Her hair pulled severely back in an oil-slick ponytail, she nodded gruffly at us in the stairwell. “Bonsoir”, the voice grumbled, the dapper cocker spaniel wagging by her side. She pulled the lead tight and climbed on, her stride never faulting. We would cross paths almost daily, never managing to break the ice nor scratch her companion behind her ears. Such were the brief encounters with the neighbour.
Walking, always walking, where to? I began to envisage her escapades as a sort of pilgrimage, a solitary act of faith better left untarnished by a heathen like myself.
The footsteps died away, the reverberating painting of the agile mutt lingering gently on the flagstones. An outro to her melancholic air.
A happenstance meeting of neighbours at the oasis of the outdoor tap would entice this solitary creature into the fold. Resigning herself to the inconvenience of informal greetings, she unclipped the lead, the cocker scooting off. Suddenly as though imitating her silken companion she dashed off into the garden, plucking the watering can off the ground before handing it to us. “Who’s a good girl?” I almost burst out but restrained myself, thinking it best to wait awhile before offering a belly rub.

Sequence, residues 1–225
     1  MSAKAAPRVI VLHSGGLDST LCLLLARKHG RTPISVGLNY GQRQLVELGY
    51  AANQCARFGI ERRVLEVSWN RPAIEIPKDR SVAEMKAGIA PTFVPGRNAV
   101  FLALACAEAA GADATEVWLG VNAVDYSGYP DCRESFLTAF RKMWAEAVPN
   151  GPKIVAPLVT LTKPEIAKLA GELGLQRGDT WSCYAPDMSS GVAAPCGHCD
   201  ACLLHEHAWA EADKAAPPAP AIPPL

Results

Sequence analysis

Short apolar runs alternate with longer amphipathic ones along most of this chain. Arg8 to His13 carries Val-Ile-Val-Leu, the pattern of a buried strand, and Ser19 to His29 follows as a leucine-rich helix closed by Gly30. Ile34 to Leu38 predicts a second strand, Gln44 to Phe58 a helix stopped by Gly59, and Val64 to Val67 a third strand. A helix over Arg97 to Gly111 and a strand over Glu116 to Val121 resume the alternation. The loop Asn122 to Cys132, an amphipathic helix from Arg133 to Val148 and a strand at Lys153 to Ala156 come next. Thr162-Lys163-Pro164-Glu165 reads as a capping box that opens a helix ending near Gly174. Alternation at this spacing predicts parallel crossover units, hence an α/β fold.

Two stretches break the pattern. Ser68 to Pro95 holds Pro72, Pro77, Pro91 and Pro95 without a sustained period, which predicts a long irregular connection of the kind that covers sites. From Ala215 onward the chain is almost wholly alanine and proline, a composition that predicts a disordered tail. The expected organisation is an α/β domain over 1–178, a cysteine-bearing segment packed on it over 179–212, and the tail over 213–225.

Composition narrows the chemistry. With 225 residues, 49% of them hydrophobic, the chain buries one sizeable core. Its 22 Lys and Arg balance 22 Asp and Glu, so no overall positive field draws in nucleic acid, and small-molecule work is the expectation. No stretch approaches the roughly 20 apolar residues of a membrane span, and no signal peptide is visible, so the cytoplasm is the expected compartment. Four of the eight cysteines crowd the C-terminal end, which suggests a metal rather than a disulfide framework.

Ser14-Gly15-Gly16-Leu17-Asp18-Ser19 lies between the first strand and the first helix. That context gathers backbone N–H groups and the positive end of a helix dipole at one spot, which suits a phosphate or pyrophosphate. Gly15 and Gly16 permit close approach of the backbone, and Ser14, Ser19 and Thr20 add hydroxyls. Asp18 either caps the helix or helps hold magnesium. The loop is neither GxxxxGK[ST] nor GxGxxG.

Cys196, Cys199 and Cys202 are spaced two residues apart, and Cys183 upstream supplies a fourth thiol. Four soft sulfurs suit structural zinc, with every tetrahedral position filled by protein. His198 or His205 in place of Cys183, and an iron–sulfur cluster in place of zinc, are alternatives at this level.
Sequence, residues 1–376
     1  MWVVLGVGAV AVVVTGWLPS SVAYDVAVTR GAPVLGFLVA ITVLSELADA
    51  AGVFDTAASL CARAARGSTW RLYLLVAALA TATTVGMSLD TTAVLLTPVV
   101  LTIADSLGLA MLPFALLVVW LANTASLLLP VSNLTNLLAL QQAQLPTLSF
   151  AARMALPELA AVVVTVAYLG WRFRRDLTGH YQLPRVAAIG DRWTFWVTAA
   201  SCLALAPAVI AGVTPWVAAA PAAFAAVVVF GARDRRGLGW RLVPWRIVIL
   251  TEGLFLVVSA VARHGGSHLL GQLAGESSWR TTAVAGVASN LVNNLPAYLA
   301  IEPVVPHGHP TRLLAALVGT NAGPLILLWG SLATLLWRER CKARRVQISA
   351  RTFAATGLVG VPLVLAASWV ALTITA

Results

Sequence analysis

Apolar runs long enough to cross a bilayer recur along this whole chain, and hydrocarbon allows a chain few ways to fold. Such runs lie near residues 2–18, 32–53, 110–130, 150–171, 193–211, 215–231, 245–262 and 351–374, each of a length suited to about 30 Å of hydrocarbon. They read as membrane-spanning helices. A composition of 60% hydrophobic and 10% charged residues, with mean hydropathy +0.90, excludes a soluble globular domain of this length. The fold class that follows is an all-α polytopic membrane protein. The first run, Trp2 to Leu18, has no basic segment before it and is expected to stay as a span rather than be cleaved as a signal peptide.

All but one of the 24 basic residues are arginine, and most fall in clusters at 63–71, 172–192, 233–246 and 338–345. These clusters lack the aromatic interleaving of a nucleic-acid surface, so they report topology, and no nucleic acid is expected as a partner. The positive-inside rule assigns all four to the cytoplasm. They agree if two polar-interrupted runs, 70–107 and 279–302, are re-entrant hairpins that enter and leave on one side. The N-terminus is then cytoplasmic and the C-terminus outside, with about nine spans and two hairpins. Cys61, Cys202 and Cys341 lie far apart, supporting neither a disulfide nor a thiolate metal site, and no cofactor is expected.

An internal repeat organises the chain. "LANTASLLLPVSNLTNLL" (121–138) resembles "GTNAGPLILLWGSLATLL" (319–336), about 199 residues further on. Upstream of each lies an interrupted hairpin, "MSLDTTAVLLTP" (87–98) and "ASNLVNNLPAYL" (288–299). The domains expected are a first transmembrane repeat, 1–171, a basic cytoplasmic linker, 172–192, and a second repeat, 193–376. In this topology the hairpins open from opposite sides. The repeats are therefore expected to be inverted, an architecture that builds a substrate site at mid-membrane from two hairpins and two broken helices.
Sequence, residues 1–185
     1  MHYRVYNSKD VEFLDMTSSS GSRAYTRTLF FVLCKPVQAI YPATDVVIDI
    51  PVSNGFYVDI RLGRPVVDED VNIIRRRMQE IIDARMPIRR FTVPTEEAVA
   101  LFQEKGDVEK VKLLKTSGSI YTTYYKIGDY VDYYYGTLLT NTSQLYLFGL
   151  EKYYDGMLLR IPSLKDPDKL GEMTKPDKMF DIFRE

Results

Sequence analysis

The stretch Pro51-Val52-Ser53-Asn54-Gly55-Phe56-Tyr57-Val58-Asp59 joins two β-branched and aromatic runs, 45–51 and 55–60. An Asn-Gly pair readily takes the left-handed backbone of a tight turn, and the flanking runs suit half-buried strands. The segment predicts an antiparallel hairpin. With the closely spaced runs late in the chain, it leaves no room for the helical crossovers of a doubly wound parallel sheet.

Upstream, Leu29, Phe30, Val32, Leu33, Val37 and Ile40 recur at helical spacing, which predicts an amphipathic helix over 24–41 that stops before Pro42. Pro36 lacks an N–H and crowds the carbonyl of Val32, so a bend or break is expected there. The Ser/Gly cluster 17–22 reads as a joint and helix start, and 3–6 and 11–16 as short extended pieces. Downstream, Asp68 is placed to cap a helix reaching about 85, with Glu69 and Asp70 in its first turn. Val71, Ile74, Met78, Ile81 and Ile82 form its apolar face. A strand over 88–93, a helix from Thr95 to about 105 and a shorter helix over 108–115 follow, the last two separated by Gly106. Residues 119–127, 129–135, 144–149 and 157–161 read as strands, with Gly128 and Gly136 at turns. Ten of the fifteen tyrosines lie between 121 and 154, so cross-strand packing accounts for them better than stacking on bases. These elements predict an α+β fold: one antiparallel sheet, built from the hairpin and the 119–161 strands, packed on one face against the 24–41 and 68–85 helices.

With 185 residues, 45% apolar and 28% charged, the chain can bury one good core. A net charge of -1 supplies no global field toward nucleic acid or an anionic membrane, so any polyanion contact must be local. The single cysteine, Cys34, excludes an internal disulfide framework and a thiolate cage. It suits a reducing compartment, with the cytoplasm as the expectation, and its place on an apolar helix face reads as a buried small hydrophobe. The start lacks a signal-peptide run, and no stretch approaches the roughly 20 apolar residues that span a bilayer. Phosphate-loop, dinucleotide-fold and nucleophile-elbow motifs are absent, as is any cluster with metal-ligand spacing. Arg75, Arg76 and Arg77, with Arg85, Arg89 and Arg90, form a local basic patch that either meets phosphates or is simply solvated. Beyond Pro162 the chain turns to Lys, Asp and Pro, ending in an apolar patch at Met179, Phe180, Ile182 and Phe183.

The plants thoroughly showered, awaiting the towel dry, she sat down on a wicker chair, her eyes lowered. She poised on the very edge of her perch as though unwilling to allow herself the luxury of back support. The pilgrimage hadn’t yet ended. Lighting up a noxious cigarette she stared at the tomatoes. “Je suis un peu dans la merde.”